grade [grād]
[Fr < L gradus, a step, degree, rank < gradi, to step, walk < IE base * ghredh-, to stride > Goth griths, step]
1. any of the stages in an orderly, systematic progression; step; degree
a) a degree or rating in a scale classifying according to quality, rank, worth, intensity, etc.: often in hyphenated compounds [grade A eggs, weapons-grade plutonium]
b) any of the official ranks or ratings of officers or enlisted men [an army colonel and a navy captain are in grade O-6]
c) an accepted standard or level [up to grade]
d) a group of people of the same rank, merit, worth, etc.
a) the degree of rise or descent of a sloping surface, as of a highway, railroad, etc.
b) such a sloping surface
4. the ground level around a building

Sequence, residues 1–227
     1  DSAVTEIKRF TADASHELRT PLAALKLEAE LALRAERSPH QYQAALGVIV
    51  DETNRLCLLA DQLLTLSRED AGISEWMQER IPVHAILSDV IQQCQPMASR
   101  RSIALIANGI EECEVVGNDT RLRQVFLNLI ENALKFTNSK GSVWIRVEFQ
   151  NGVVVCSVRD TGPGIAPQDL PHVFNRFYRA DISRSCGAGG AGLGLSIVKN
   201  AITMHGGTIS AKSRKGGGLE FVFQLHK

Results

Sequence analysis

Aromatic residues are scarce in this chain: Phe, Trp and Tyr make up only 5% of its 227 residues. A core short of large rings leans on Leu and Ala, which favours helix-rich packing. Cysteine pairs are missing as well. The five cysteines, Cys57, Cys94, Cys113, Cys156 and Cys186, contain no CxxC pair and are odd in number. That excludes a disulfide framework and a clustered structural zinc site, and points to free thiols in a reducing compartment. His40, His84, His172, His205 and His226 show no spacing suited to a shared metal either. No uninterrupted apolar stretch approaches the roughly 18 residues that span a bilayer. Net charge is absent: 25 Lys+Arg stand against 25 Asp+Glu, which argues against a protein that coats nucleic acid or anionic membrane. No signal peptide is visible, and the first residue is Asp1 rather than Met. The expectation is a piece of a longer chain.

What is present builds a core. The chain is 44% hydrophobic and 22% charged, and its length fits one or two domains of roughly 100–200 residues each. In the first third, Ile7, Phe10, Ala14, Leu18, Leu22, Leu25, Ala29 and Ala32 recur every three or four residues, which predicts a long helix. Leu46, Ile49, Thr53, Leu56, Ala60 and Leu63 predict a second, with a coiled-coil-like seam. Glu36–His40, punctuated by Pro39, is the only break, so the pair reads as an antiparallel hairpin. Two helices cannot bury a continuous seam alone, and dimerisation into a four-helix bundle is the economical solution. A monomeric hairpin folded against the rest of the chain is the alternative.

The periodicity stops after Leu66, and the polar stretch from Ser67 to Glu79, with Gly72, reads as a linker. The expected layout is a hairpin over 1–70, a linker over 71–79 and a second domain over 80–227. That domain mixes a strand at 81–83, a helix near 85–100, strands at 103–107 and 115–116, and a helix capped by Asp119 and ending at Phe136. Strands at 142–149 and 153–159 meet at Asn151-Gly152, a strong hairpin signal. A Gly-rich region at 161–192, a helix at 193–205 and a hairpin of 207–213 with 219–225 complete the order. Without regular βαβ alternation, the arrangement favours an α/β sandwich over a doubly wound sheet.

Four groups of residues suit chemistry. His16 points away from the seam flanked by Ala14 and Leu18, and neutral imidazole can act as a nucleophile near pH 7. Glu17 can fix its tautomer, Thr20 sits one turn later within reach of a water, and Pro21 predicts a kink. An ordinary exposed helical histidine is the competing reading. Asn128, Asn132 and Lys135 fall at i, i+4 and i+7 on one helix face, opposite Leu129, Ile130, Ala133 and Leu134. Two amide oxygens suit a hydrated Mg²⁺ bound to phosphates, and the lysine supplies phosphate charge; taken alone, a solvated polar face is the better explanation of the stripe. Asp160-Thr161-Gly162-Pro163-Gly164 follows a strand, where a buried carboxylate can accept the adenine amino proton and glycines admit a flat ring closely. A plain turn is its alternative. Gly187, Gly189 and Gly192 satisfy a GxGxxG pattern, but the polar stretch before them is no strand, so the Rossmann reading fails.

a) any of the divisions in a school curriculum usually equal to one year; most systems in the U.S. include twelve grades after the kindergarten
b) a group of pupils forming such a division in a school
6. a mark or rating on an examination, in a school course, etc.
7. Animal Husbandry an animal with one parent of pure breed
8. Linguis. any of the various forms in which a vowel may appear in grammatically or etymologically related forms as a result of gradation
graded, grading
1. to arrange or classify by grades; rate according to quality, rank, worth, etc.; sort
2. to give a GRADE (sense 6) to
3. to gradate
4. to level or slope (ground, a road, etc.) evenly
5. Animal Husbandry to improve by crossing with a pure breed: often with up
1. to assume an indicated rank or position in a series; be of a certain grade
2. to change gradually; go through a series of stages
☆ at grade
on the same level
☆ make the grade
1. to get to the top of a steep incline
2. to overcome obstacles and succeed
☆ the grades
elementary school

English World dictionary. . 2014.